Sound Library Storage Solutions

I had a three way coincidence the other day: first my 2 x 2TB library drives finally filled to the point of overflowing, and they were already my backup laptop storage. Secondly a friend Tom emailed asking what do I reccomend for library storage, and then I just saw this post on twitter: ‘How to store 5TB of data for 50 years, untouched?’
The latter is an extreme and aimed at archiving, which is a different problem than the first two, but rather than give Tom my ideas I thought it far wiser to make it a discussion and see what works for you, and also to see what might be the best solutions in the future…..

10MB drive

My library is currently stored on 2 x 2TB G-tech RAIDs which have worked well, but I’m not sure they are my next solution. Firstly I don’t really see the need for RAID as the performance required of a library drive is not like that of work drives playing big ProTools sessions. All I need to do is audition mono, stereo or occasionally 5.1 files.
Secondly I need to have three copies of all media regardless: one at my work studio, one at my home studio & one offline for safety. So having a RAID as a form of data safety seems unnecessary. If a drive went down, I’d simply grab a new drive and go clone the missing data from one of the other two locations.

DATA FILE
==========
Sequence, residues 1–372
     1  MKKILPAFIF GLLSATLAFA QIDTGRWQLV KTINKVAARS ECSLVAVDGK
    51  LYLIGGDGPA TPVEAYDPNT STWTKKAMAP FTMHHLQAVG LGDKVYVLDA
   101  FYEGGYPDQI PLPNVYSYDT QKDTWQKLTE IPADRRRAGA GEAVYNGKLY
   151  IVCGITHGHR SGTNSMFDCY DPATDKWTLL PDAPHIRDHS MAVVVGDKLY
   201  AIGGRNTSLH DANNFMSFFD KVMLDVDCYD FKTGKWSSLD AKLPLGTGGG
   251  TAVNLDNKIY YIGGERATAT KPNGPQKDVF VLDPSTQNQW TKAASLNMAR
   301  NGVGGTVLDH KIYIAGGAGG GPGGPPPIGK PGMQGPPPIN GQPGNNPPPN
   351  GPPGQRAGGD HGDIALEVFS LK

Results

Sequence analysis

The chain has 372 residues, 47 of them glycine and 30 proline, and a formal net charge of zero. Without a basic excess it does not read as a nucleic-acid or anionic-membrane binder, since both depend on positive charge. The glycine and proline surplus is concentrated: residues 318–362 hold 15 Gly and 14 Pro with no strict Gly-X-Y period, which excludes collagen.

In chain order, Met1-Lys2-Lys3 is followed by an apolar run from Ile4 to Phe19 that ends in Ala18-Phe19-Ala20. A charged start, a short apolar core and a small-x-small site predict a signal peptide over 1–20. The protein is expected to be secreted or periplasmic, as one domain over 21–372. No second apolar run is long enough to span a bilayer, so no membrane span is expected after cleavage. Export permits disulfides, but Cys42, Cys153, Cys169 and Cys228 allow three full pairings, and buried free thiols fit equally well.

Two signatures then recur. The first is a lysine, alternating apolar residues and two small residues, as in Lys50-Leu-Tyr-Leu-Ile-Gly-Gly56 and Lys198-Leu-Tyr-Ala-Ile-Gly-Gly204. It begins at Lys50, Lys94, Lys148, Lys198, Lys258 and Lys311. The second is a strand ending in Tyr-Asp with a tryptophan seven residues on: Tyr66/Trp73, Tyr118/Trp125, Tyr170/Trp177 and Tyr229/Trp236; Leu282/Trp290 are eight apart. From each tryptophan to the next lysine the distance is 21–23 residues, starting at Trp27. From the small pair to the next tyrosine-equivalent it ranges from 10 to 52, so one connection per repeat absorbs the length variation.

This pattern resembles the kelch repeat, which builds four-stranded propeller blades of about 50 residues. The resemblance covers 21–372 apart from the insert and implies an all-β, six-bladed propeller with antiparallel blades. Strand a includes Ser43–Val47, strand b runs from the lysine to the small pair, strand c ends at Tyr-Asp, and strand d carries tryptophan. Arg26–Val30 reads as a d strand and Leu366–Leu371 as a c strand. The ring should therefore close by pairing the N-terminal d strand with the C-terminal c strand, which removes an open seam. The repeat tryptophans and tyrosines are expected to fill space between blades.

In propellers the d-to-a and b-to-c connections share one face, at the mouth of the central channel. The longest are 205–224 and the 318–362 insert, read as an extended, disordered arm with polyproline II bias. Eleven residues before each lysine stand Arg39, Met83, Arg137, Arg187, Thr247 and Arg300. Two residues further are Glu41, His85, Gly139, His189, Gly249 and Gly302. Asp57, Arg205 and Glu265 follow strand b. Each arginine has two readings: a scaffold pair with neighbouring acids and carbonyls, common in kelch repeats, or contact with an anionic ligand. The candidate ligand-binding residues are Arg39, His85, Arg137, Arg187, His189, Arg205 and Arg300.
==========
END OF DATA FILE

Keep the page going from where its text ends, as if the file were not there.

A fried Ray has done a fair bit of research on this topic & hopefully he might chime in but an option I think he was looking at was this sort of enclosure;

Hydra drive

The MacPower Hydra has FW400, FW800, USB2, eSATA and can hold four drives, so if you loaded it with four 2TB drives that would provide 8TB of storage. Locally I’ve seen it loaded with 6TB shipping for approx NZ$1,400 = US$1,000…

Of course if you are a facility with lots of sound editors accessing a central sound library server then your needs are different than mine, but what are you using?